Going to prison had altered his view of the world, Clarett said. Five years ago, he said he might have celebrated that Ohio State and Tressel were going through the NCAA problems they are now. But that isn’t the way he feels.

Clarett also said he did not consider Tressel, who until a few months ago had a squeaky clean image around the country, to be a cheater or a fraud.

“You can’t be a fraud for 30 years. It’s impossible,” he said. “People can smell a fraud in the first month, two, three, four, five months. They’re going to be exposed. To do what that man has done … it’s wrong for that man to get dealt like that.”

Asked where his national championship ring is, Clarett said: “That’s at my mother’s house. There’s not one piece of memorabilia that I don’t have.”


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5 Responses to Terrelle Pryor & Maurice Clarett

  1. Mike Hunt says:

    I have no problem with whatever goodies a college athlete can get under the table. Hell, the only reason that it can’t happen over the table is because then you would have to pay the field hockey players too. By having it under the table, the market can dictate what each player is worth.

  2. trumwill says:

    You would only have to pay the women’s field hockey team. Not the men’s.

    My main thought is, if we want a market-based football league… we have four.

  3. Mike Hunt says:

    Well there is no men’s field hockey (in the US, anyway). The point is that if everything was above-board, you would have to pay the less popular sports the same as the only two that count.

    To me there is nothing wrong with a player taking advantage of his fame to make some extra money on the side. If some car dealer wants to hook him up, why is it any of my business? That is like getting mad that some girls are more attracted to athletes. It’s not fair, but that is the way it is.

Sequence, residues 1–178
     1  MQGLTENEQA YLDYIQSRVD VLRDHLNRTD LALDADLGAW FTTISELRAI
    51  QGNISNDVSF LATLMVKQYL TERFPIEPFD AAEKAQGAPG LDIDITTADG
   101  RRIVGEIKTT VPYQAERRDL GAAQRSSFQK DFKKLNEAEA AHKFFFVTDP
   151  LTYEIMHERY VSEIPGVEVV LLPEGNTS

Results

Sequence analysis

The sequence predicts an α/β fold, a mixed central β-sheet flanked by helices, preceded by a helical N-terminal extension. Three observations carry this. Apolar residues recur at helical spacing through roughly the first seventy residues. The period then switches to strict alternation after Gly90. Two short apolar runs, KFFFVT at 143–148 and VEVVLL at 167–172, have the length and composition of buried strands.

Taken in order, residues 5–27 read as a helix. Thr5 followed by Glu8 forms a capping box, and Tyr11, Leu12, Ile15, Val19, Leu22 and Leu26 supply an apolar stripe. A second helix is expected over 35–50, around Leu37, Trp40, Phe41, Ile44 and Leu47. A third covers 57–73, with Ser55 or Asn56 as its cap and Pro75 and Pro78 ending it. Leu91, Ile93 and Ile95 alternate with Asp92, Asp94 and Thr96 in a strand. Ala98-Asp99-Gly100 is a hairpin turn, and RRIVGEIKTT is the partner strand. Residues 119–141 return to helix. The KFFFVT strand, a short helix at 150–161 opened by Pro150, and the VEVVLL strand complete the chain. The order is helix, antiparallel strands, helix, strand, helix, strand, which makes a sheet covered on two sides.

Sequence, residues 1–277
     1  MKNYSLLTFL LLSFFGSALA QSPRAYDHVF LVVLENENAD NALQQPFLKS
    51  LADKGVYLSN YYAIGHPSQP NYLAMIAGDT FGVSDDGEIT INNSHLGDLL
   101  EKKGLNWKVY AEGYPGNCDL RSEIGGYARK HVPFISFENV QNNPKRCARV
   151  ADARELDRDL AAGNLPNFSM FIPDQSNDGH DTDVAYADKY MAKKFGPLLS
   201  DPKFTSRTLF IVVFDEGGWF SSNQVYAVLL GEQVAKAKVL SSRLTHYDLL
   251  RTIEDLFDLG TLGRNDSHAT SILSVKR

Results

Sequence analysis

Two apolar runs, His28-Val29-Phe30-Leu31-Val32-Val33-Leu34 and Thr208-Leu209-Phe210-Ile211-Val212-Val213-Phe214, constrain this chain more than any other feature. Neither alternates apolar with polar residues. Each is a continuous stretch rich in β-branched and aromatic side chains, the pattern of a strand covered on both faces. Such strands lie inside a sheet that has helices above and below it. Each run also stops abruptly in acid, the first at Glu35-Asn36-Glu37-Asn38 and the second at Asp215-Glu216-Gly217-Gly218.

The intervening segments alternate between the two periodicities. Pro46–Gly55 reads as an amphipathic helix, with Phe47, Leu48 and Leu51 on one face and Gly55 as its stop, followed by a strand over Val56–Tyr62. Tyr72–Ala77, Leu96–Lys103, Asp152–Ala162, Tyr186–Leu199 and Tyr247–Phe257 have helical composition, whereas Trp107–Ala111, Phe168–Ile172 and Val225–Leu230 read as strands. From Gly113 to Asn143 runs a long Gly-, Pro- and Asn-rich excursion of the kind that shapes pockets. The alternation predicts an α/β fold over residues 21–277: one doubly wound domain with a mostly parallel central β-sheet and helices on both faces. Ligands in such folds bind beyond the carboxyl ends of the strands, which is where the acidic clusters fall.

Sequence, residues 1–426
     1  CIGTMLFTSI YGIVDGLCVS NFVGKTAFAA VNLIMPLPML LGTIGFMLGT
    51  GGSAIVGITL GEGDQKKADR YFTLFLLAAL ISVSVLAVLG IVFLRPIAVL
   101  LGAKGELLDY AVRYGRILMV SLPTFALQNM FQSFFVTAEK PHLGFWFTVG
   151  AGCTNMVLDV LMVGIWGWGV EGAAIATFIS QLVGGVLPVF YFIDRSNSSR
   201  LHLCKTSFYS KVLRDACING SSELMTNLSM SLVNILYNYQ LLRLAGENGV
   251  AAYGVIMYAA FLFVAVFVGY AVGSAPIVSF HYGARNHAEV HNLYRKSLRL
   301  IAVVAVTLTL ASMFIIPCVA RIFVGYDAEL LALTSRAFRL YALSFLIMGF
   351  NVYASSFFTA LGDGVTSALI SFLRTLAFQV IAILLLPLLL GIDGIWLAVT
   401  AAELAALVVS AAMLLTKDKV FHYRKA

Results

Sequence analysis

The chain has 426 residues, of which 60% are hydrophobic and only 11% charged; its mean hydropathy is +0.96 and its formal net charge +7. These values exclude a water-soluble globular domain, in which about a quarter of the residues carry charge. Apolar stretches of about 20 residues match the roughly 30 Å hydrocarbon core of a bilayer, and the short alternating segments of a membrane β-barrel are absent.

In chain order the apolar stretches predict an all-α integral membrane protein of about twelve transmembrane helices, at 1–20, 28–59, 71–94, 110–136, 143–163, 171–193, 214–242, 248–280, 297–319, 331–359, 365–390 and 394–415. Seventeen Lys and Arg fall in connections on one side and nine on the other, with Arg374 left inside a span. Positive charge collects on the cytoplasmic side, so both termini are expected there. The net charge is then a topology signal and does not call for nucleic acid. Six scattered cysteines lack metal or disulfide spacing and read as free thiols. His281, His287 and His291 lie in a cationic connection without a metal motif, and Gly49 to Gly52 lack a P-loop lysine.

4. trumwill says:

    Huh. You’re right. No male field hockey.

    The point is that if everything was above-board, you would have to pay the less popular sports the same as the only two that count.

    No, you wouldn’t. You would just have to make sure that there is a gender balance. Not all sports are accorded equal scholarships.

    To me there is nothing wrong with a player taking advantage of his fame to make some extra money on the side. If some car dealer wants to hook him up, why is it any of my business?

    I agree with you about not blaming the kid, so long as the professional leagues have that age limit and no developmental leagues. And I’m not unsympathetic to the notion that the scholarship should include rather basic living expenses. That being said, the rules are the rules. The big schools already have enough of an advantage, without being able to back-end a whole bunch of money to the kids that choose that particular program.

  5. Mike Hunt says:

    You would just have to make sure that there is a gender balance.

    This is a case where the law doesn’t reflect reality. I would say that the entire country cares about men’s college basketball. Most of the country cares about about college football, with the areas who don’t following men’s college lacrosse.

    The only women’s sport people care about is basketball, and that is in THREE states: Tennessee, Connecticut, and Louisiana. The only reason I like to watch women’s college basketball is to see what the arenas look like empty…